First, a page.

The temporal lobe is implicated in higher cognitive processes and is one of the regions that underwent substantial reorganization during primate evolution. Its functions are instantiated, in part, by its complex layout of structural connections. This study identified low-dimensional representations of structural connectivity variations in human temporal cortex and explored their microstructural underpinnings and associations to macroscale function. We identified three eigenmodes which described gradients in structural connectivity. These gradients reflected inter-regional variations in cortical microstructure derived from quantitative MRI and post-mortem histology. Gradient-informed models accurately predicted macroscale measures of temporal lobe function. Gradients aligned closely with established measures of functional reconfiguration and areal expansion between macaques and humans, highlighting the important role evolution has played in shaping temporal lobe function. Our results provide robust evidence for three axes of structural connectivity in human temporal cortex with consistent microstructural underpinnings and contributions to large-scale brain network function.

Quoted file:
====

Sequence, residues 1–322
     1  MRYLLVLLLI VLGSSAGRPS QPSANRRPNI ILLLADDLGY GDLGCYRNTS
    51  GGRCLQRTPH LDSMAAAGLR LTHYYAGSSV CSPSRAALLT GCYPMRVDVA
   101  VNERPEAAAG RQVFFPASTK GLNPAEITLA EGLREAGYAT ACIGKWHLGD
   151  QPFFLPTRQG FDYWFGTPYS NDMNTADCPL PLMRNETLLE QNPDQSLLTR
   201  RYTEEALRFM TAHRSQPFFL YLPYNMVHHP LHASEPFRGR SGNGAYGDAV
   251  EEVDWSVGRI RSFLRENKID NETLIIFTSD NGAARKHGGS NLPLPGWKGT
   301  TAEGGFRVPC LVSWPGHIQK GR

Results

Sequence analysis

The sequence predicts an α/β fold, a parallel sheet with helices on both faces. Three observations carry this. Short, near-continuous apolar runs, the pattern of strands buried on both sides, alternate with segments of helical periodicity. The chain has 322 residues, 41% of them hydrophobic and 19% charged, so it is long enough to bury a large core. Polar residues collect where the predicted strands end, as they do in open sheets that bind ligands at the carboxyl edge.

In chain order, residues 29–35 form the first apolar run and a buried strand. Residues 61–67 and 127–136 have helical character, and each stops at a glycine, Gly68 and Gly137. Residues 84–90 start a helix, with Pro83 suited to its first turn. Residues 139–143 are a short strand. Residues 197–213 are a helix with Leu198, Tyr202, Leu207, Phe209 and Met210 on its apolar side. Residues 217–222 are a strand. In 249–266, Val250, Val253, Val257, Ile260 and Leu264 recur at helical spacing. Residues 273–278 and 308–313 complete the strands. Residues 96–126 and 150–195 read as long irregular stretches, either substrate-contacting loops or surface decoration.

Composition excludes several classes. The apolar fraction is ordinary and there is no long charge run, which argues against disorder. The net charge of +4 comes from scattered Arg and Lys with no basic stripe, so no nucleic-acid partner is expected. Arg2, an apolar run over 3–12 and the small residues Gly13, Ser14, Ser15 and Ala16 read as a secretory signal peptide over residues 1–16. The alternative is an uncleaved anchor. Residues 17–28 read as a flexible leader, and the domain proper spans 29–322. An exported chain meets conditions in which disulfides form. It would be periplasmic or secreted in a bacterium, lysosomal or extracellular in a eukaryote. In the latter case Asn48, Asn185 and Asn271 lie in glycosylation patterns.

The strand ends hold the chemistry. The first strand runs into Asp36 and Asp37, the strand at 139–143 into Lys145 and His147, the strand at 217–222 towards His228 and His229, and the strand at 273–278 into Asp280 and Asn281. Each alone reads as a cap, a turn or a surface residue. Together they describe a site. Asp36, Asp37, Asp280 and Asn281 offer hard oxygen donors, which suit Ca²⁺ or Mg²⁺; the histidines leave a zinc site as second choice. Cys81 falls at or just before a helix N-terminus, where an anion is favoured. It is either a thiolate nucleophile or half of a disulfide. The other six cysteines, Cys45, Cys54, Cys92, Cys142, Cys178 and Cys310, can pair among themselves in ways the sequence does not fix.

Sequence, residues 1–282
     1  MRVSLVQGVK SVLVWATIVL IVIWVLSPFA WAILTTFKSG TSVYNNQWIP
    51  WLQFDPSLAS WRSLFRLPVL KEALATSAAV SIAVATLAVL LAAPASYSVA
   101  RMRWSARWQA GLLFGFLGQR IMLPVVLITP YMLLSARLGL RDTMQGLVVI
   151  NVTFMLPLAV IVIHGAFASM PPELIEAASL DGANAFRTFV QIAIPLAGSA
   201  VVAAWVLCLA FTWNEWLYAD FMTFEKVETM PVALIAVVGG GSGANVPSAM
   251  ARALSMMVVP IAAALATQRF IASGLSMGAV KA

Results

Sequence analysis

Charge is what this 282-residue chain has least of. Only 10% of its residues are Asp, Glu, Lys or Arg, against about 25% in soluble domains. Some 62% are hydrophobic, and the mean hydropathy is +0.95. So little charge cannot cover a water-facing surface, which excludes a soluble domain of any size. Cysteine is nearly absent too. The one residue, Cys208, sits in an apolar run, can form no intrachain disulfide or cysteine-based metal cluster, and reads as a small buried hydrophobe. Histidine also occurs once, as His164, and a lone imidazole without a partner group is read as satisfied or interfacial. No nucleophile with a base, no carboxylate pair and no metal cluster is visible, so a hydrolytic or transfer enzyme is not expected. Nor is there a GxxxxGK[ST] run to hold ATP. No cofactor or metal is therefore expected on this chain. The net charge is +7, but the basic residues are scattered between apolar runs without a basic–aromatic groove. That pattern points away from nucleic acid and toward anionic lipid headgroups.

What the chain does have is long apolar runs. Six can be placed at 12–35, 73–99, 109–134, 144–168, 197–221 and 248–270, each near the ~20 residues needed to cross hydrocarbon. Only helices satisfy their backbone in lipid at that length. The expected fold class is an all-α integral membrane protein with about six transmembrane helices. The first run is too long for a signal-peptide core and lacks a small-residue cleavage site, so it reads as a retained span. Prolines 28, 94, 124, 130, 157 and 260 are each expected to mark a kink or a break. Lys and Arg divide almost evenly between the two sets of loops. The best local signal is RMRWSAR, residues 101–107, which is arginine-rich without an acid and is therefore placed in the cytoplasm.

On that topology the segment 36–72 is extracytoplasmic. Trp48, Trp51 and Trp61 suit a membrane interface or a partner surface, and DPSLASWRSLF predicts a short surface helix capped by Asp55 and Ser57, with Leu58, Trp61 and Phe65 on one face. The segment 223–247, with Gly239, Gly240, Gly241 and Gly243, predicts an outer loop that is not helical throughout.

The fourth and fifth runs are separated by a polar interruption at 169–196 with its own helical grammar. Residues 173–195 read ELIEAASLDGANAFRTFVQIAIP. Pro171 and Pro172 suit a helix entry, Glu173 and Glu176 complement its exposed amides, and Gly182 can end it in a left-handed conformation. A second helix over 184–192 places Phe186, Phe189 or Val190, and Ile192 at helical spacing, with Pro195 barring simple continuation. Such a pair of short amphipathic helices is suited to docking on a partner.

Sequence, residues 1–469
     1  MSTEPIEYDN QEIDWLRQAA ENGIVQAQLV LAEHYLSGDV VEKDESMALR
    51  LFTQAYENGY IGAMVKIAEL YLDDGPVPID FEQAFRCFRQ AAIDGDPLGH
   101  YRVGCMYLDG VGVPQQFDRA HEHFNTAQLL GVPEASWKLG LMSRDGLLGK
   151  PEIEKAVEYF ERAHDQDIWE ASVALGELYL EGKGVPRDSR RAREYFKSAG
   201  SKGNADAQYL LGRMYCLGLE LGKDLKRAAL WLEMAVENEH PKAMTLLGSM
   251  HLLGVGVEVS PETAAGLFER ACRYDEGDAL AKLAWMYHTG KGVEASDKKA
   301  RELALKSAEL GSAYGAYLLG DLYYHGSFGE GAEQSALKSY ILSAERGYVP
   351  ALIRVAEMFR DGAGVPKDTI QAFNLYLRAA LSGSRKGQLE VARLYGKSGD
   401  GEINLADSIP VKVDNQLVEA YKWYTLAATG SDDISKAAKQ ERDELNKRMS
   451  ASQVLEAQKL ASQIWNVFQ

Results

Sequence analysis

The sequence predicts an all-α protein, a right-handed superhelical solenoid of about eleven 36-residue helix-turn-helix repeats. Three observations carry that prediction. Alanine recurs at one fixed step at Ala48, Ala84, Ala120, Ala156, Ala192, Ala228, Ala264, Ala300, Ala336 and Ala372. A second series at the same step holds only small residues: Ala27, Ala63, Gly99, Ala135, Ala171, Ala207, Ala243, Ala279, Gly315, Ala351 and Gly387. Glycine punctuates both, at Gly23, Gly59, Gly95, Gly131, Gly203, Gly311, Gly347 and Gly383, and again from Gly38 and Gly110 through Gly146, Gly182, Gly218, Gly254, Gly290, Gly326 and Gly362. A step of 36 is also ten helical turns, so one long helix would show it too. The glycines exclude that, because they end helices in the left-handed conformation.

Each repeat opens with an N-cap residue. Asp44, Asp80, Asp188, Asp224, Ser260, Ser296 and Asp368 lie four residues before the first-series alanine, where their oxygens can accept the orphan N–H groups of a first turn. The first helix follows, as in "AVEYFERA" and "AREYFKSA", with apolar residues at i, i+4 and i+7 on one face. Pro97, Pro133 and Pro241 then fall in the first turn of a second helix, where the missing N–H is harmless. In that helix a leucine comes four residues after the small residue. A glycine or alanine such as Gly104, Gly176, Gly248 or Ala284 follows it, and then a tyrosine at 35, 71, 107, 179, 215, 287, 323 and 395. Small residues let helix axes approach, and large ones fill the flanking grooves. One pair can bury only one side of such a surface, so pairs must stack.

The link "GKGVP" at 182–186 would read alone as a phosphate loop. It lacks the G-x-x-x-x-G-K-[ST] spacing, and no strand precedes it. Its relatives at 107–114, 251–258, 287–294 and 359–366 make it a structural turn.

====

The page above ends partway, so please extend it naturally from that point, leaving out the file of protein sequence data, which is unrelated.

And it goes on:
bioRxiv Subject Collection: Neuroscience